We last visited this topic in June 2009. Back then, a slew of articles about upcoming technologies promised the end of email, including nascent social networks like Orkut and Facebook. While it is true Facebook is more popular it hasn’t taken the place of email (at work anyway). The same can be said of chat alternatives like Slack (Slack) or the upcoming new (Level app). In fact, Slack recently released a commercial (found here) where they espouse the virtues of email-like features without it really being email.
With email being around a 40 year technology, there are several reasons for its longevity:
Email is ubiquitous. With the exception of one California professor who prefers to take notes and uses his phone heavily, who doesn’t have an email address?
Email is private. Customers and others can’t see each other, like in Slack. I mean, sure, co-workers and others invited to the Slack team can certainly see each other, but there are very few businesses that invite all their customers to a Slack channel for on the spot conversations. That’s what email newsletter sending software is for (like Send Individually).
Email can be (and frequently is) entered into evidence in court. In fact many of our customers use Save As PDF to enter entire email chains into a PDF file for an opposing legal side. Many of our customers are professionals in this field (called legal discovery) and sometimes will instead purchase the Auto Print add-in to – you guessed it – make things harder for the other side by handing over boxes and boxes of printed emails.
Email is flexible with rich user interfaces. Especially when it comes to desktop, and the king of desktop email clients (our favorite) Microsoft Outlook, there is no more powerful, flexible, yet easy to use email client. It helps you to stay organized with subfolder, categories and classification systems. For me, these classification systems act more as a to-do list than anything else.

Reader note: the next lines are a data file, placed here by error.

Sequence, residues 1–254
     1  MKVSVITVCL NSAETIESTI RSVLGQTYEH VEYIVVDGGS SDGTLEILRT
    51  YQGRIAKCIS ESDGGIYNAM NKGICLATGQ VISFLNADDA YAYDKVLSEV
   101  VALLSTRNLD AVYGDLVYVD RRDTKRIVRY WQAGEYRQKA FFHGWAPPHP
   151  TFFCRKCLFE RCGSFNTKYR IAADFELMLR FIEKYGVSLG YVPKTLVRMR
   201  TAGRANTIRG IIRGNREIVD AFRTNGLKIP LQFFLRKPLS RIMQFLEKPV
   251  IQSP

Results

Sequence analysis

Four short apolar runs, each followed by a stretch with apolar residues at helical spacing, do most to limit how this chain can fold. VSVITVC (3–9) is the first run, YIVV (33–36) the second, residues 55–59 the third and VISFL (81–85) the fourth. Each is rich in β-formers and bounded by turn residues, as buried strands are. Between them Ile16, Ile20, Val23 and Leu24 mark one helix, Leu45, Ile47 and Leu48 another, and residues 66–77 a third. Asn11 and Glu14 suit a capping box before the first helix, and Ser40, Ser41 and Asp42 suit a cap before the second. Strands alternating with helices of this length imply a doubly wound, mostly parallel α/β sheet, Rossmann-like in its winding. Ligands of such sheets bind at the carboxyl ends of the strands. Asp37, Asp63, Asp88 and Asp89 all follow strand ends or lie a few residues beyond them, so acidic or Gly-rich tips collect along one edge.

Email is secure. It’s true that not everyone digitally signs and encrypts their email, but the option to digitally sign and encrypt your email is there.
Email can be archived. Archiving has been built into email clients since way early on. People realized quickly that a method of saving important conversations was needed, and email archiving was it. Today, many of our customers use either Attachment Save (which can also save emails, despite its name) or the aforementioned Save to PDF. Most people like this because PDF is an open standard, which leads us to…
Email has well known standards. Because these standards are codified and well known, an entire community has built up around maintaining and expanding the standards. That’s how email can be sent to and from different email clients (for example, from Microsoft Outlook to Google Gmail, etc).
Email has an economy built around it. Because of standards, email is well known and well understood. Because of that it is able to be implemented around the world, regardless of language or underlying hardware. And because of that, companies can build around it and make it better (think Office 365), and companies like Sperry Software can create tools and technologies that make an unbeatable concept even better in its implementation.
Like we said in 2009, email has its competitors, but we look forward to using email for the next ten years.
One thought on “In Defense of Email…Ten Years Later (Almost)”
Email is essential for the business that I am in, and I suspect it is the same for many others. I do construction management, serving through an engineering company for governmental clients. I communicate with city and state partners, contractors and others. I, and counterparts in my company, use Sperry Save As PDF to prepare our project related correspondence for storage and archiving with the project files. For the past several years, we have used almost no paper correspondence. In fact, our major clients are transitioning to all-electronic documentation.
I fully agree with Mike’s comments about the future and longevity of email. The social media platforms, and various other collaboration tools, all have their niches, but they will never fully displace email.
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